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Re: Winter car survivial

Post by Trippy » Sun Dec 16, 2012 12:40 pm

EBuff75 wrote:...
Oh, and don't forget to toss some playing cards or something else to pass the time in your car. Nothing worse than being warm, fed and sheltered for a few days with absolutely nothing to do... :crazy:
I'm pretty sure thats why there is always a mini baby boom nine months after a blizzard.

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Re: Winter car survivial

Post by TacAir » Sun Dec 16, 2012 12:58 pm

Lots of interesting tips, but I'll pass on the flaming toilet paper in the can, thanks.

We carry cold weather gear in case we get caught between avalanches across the roadway. Sitting the car if fine, but my feet get so darn cold - standing on metal will do that as well.

So - I keep several pieces of cardboard in the back. If we stay in the car, one of us can lay down in the back (the rear seat folds) on top of the larger sections cardboard, using the wool blanket for extra warmth. Another section of cardboard (4 layers thick) that is sized for and goes on the floor mat. Keeps the heat in the feet.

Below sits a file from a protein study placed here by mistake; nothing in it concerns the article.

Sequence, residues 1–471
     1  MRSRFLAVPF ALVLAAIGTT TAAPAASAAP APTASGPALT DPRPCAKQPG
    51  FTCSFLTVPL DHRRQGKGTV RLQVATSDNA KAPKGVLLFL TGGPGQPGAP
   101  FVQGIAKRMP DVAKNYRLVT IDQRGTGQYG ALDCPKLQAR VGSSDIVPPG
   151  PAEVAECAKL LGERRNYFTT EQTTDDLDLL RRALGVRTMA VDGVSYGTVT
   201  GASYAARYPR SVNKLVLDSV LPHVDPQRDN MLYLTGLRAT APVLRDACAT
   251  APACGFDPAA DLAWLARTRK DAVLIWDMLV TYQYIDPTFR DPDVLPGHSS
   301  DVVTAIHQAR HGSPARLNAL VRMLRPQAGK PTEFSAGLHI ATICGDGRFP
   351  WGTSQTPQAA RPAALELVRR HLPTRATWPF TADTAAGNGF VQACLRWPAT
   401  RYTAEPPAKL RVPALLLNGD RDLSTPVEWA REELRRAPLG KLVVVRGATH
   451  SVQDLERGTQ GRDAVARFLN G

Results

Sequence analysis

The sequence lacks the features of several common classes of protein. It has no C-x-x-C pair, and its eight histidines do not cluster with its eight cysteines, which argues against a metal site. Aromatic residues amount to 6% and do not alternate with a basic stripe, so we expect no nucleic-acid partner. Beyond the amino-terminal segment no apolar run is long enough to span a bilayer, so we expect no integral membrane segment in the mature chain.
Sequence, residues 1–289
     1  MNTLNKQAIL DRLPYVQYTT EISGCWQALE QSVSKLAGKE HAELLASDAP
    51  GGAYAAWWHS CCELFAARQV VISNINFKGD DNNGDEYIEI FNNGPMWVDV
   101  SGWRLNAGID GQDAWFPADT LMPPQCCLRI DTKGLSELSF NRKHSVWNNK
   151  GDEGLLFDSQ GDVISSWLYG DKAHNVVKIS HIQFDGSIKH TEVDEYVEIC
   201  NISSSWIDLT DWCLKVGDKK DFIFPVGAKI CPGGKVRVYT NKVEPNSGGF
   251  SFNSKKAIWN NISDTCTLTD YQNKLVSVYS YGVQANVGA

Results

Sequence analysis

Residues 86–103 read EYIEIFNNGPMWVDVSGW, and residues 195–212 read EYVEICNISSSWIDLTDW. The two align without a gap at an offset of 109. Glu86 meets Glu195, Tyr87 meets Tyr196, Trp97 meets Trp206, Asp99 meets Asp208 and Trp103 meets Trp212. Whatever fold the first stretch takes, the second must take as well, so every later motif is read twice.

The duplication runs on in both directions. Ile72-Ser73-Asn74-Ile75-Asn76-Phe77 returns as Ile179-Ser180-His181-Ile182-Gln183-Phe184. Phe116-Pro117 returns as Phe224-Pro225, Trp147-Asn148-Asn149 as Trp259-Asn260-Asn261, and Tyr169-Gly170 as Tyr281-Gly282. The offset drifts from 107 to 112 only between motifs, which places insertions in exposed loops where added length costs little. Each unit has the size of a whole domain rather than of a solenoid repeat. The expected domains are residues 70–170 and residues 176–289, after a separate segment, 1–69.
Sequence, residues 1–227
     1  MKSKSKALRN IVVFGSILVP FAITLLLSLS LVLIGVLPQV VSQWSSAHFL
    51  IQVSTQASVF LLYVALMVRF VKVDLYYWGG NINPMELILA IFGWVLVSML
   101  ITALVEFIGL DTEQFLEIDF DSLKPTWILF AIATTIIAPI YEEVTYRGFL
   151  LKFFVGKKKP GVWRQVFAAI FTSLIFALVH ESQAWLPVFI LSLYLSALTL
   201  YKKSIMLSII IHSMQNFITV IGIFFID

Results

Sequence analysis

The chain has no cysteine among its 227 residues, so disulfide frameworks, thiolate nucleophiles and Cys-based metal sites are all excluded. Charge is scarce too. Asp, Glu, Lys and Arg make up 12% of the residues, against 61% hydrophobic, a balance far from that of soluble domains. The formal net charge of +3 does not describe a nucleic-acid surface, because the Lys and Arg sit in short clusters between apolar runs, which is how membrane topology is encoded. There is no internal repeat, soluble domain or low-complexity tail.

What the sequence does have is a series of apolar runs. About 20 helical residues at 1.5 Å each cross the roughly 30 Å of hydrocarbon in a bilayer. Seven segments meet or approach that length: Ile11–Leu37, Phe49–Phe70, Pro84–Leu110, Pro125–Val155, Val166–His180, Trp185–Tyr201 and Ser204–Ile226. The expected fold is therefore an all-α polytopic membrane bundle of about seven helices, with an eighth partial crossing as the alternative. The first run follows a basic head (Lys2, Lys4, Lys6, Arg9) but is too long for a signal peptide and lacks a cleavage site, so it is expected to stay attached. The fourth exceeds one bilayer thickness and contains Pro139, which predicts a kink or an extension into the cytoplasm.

Another section is large enough to go between my fat ass backside and the door - keeps the cold away as well.

Cardboard is cheap - it often can be had for the asking and cutting a few pieces to fit the trunk or cargo area takes little time. Having that extra insulation may make a huge difference one winter. Toss it in the Spring, and get some new for the next winter.

Good luck.
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Re: Winter car survivial

Post by grennels » Sun Dec 16, 2012 3:56 pm